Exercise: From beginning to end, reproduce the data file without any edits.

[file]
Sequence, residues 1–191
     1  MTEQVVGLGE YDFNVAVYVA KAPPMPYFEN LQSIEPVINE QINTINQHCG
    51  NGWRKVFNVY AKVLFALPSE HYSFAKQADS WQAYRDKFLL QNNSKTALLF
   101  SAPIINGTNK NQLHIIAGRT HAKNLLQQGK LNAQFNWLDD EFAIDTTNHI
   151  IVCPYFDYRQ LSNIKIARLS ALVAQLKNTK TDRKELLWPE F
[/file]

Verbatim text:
Sequence, residues 1–191
     1  MTEQVVGLGE YDFNVAVYVA KAPPMPYFEN LQSIEPVINE QINTINQHCG
    51  NGWRKVFNVY AKVLFALPSE HYSFAKQADS WQAYRDKFLL QNNSKTALLF
   101  SAPIINGTNK NQLHIIAGRT HAKNLLQQGK LNAQFNWLDD EFAIDTTNHI
   151  IVCPYFDYRQ LSNIKIARLS ALVAQLKNTK TDRKELLWPE F